https://riseandshine.childrensnational.org/wp-content/uploads/2021/05/college-students-eating-feature.png 300 400 Rise and Shine https://riseandshine.childrensnational.org/wp-content/uploads/2017/11/childrens_riseandshine_logo.jpg Rise and Shine2021-05-03 16:27:562021-05-03 16:32:50Going to college with celiac disease
At one time, it was believed that celiac disease in children could be outgrown. We now know that celiac disease is a common genetic disorder that affects men, women and children of all ages and races. And, unfortunately, it cannot be outgrown.
What is celiac disease?
Celiac disease is an autoimmune disease, meaning that the immune system responds inappropriately to substances or tissues normally present in the body. For people with celiac disease, the body cannot tolerate gluten, a protein found in wheat, rye and barley. Not only can the disease cause discomfort for the child with celiac disease, but it also damages the small intestine and inhibits the absorption of nutrients from food.
What happens when someone with celiac eats gluten?
When children with celiac disease eat food that contains gluten, the immune system damages the small intestine’s villi, which are tiny fingerlike hairs that help to absorb nutrients from food. Without healthy villi, a child can become malnourished. If a child is left undiagnosed, damage can occur in nearly every system of the body, from skeletal to neurological.
What are the symptoms of celiac disease?
The symptoms of celiac disease vary. Originally, researchers thought that gastrointestinal complications were the only symptom; however, because this disorder has now been found to affect the entire body, there is a wide range of symptoms.
Gastrointestinal symptoms of celiac:
- Lactose Intolerance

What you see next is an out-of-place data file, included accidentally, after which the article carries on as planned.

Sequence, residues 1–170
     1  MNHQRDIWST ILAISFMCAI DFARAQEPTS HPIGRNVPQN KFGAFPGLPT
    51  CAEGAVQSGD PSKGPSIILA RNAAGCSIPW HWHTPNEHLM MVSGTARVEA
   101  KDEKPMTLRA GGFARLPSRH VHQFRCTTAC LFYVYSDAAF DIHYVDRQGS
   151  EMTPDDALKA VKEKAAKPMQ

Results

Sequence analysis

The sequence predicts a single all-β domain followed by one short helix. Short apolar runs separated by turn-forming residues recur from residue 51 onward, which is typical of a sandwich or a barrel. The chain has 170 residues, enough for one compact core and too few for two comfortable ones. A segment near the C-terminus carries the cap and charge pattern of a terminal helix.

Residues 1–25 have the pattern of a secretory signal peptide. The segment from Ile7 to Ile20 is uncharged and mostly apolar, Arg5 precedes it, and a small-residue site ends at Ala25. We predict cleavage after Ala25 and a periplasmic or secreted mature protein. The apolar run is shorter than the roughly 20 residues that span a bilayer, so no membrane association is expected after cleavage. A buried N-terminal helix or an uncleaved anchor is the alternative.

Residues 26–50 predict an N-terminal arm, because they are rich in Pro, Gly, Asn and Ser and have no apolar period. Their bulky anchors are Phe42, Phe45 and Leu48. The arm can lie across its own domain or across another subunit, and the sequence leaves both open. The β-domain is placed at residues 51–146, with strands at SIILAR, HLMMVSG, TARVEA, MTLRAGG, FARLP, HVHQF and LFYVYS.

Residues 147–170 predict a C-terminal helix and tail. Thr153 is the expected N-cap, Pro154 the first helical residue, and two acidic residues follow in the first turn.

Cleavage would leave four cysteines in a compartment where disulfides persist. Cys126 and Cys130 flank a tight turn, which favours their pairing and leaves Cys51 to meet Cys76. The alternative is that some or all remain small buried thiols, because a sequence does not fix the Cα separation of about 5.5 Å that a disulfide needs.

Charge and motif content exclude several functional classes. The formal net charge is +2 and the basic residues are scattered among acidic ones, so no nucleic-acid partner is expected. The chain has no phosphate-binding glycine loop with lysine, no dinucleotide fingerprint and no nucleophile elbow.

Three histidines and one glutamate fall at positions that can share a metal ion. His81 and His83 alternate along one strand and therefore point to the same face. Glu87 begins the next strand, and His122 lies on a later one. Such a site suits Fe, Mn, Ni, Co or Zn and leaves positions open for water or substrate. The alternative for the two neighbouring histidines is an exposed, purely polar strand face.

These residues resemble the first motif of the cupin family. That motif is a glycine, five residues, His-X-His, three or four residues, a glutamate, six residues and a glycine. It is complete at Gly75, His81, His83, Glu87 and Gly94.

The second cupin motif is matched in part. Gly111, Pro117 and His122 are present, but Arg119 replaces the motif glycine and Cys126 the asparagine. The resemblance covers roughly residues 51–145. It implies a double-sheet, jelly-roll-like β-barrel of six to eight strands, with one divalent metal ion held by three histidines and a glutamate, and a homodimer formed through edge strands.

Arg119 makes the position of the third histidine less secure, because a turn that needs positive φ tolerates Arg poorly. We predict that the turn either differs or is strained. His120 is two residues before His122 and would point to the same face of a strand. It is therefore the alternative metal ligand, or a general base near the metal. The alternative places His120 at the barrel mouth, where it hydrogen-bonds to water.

- Abdominal Distention
- Change in appetite
- Colitis – can have blood in the stool
- Dyspepsia – “stomach aches”
- Bacterial overgrowth
Dermatologic and mucous membrane symptoms
- Dermatitis Herpetiformis
- Urticaria – hives
- Vasculitis – inflammation of blood vessels
- ADD/ADHD/Autism Spectrum Disorder (although no studies have shown a definitive link between celiac disease and ADD/ADHD/autism, many families feel their children have improved on a gluten-free diet)
- Inability to concentrate, “brain fog”
- OCD – Obsessive-Compulsive Disorder
These are just a few examples of symptoms experienced by those who suffer from celiac disease. Children with celiac disease often have other autoimmune diseases too, such as:
- Type 1 Diabetes (juvenile onset)
- Hypothyroidism (Hashimoto’s Disease)
- Hyperthyroidism (Grave’s Disease)
- Secondary Hyperparathyroidism
- Sjogren’s Syndrome – dry eyes and mouth
- Addison’s Disease – atrophy of adrenal glands
- Autoimmune Liver Disease
- Dilated (congestive) Cardiomyopathy – inflammation of heart muscle
- Alopecia Areata – patchy hair loss
- Rheumatoid Arthritis
How is celiac disease diagnosed?
Celiac disease is first diagnosed through a blood test. The blood test is looking for high levels of antibodies, since the bodies of individuals with celiac disease attack gluten protein as a foreign substance. If the results of the test are unclear, the child would have to undergo an endoscopy, where a small biopsy of the small intestine is done to determine if celiac disease is present.
What is the treatment for celiac disease?
So, how is celiac disease treated?
The good news about this genetic disease is that it’s manageable. With a 100 percent gluten-free diet, the intestinal villi will completely heal.
However, there is a lot to learn when a child goes gluten-free. Gluten protein is in breads, but it’s also found in Teriyaki sauce, ground spices, lipstick, flavored yogurt, etc.
But a gluten-free diet does not need to be difficult, as fruits, vegetables, meat, poultry and milk are all naturally gluten-free.
Sign-up for Children’s National’s Celiac Disease Digest for up-to-date information and gluten-free recipes for the whole family.